“We were fascinated by the mix of hard and soft material, and how they attach to each other,” says Blanche. “The different pieces create a shell when combined together, a protection in three-dimensional form. We were also intrigued by the fact that this armour conveyed a strong sense of the personality of these warriors.” For Salone del Mobile, Fredrick Färg and Emma Marga Blanche held a solo exhibition in the former church – now theatre, Teatro Arsenale. They showed a retrospective of their work together with 10 new furniture
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Milan Design Week 2017: Lexus Design Award

                                                <a href="http://design-milk.com/milan-design-week-2017-lexus-design-awards/design_milk_lexus_design_awards_07/" data-wpel-link="internal"><img src="http://2.design-milk.com/images/2017/04/Design_Milk_Lexus_Design_Awards_07-810x810.jpg" alt="Milan Design Week 2017: Lexus Design Award" /></a>
                                Now in its fifth year, the <a href="https://www.lexus-int.com/lexus-design-award" data-wpel-link="external"  rel="external noopener noreferrer">Lexus Design Award</a> was first launched in 2013 to help create ideas &#8220;to build a better tomorrow&#8221;. The competition supports up-and-coming designers across the globe. 2017&#8217;s theme, which drew 1,152 entries from 63 countries, was the notion of contradiction and juxtaposition suggested by the word &#8220;yet.&#8221;
Visitors to the awards ceremony and exhibition of shortlisted entries were greeted by Ancient Yet Modern, a 3D-printed glass installation by Neri Oxman and the Mediated Matter Group. The exhibition went on to reveal the 12 finalists selected by a panel of world-renowned designers and creative mentors including New York Times design critic Alice Rawsthorn, architects Lyndon Neri and Rossana Hu, and British designer Max Lamb in November 2016. From those 12, four were selected to develop their ideas into prototypes, and those prototypes formed the main part of the exhibition. Structural Color – Static Yet Changing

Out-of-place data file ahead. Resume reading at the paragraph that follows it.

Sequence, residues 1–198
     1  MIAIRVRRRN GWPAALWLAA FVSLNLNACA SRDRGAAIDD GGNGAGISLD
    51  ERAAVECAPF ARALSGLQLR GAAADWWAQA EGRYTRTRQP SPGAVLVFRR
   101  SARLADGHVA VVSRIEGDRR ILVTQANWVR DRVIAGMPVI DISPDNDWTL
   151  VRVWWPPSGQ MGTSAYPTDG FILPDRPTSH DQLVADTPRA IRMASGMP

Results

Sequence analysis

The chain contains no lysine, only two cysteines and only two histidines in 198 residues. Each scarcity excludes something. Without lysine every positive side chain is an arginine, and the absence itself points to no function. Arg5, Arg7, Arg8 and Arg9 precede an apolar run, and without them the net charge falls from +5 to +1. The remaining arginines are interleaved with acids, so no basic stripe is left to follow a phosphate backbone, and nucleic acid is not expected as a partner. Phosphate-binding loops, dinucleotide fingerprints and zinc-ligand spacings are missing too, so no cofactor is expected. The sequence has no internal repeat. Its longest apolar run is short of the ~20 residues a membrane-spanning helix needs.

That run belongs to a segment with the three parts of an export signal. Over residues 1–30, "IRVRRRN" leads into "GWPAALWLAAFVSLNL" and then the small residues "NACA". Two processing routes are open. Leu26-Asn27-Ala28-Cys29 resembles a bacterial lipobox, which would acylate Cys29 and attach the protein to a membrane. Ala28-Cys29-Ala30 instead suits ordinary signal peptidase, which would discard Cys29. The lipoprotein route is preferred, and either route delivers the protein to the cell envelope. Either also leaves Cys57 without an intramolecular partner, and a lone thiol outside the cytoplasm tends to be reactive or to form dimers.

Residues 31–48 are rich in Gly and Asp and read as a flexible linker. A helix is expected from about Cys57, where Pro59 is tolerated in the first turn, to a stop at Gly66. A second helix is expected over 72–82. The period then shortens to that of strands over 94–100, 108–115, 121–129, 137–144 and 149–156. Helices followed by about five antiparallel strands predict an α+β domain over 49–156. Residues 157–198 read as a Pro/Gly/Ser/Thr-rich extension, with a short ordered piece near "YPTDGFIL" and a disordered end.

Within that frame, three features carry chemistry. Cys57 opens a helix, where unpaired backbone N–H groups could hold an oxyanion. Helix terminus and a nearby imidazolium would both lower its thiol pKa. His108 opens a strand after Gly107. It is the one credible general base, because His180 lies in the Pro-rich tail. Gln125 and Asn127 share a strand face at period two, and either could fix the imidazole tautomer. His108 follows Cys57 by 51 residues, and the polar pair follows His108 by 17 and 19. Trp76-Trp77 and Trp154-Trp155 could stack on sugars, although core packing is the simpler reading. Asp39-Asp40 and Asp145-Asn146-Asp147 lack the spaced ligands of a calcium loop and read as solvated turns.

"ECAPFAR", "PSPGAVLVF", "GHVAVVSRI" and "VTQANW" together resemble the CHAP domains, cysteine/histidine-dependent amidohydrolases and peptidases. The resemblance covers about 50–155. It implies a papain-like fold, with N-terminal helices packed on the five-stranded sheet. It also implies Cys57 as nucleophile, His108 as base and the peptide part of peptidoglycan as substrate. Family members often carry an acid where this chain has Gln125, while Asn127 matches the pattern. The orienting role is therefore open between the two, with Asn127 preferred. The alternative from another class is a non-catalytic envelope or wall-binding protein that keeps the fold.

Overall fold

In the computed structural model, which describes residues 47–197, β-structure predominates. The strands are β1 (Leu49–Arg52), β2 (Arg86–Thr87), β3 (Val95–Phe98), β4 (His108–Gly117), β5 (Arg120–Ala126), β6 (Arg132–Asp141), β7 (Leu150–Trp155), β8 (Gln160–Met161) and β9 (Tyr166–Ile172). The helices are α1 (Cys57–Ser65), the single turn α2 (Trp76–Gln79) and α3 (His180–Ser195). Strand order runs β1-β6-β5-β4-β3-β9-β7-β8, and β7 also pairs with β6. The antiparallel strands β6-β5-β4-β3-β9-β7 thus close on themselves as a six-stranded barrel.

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Milan Design Week 2017: Wallpaper’s Temple of Divine Design

                                                <a href="http://design-milk.com/milan-design-week-2017-wallpapers-temple-divine-design/design_milk_wallpaper_handmade_11/" data-wpel-link="internal"><img src="http://3.design-milk.com/images/2017/04/Design_Milk_Wallpaper_Handmade_11-810x810.jpg" alt="Milan Design Week 2017: Wallpaper&#8217;s Temple of Divine Design" /></a>
                                <a href="https://www.wallpaper.com/tags/handmade" data-wpel-link="external"  rel="external noopener noreferrer">Wallpaper*Handmade</a> is a must-see part of <a href="http://design-milk.com/tag/milan-design-week" data-wpel-link="internal">Milan&#8217;s</a> annual Salone del Mobile and this year things took a turn for the sacred. The show that Wallpaper* editor-in-chief Tony Chambers describes as a &#8220;revelatory roll-out of fine craftsmanship, creativity and contemporary&#8221; was housed in the Mediateca Santa Teresa, a deconsecrated church in the Brera design district and the new location inspired the theme &#8220;Holy Handmade! A Temple of Divine Design.&#8221; In line with many of this year&#8217;s best installations, it certainly provided a moment of calm amidst the chaos, particularly in the case of <a href="http://design-milk.com/le-refuge-the-most-instagrammed-thing-at-milan-design-week/" data-wpel-link="internal">Marc Ange&#8217;s Le Refuge</a> (above).
Outside the entrance, the Volcanic Altar by Sabine Marcelis and Danish-Italian tile manufacturer Made a Mano is made of a glazed lava stone that appears to float on a glass structure. “An altar is a sacred place that brings us closer to the divine,” says NanaKi Bonfils of Made a Mano. “Altars transform actions of everyday life into actions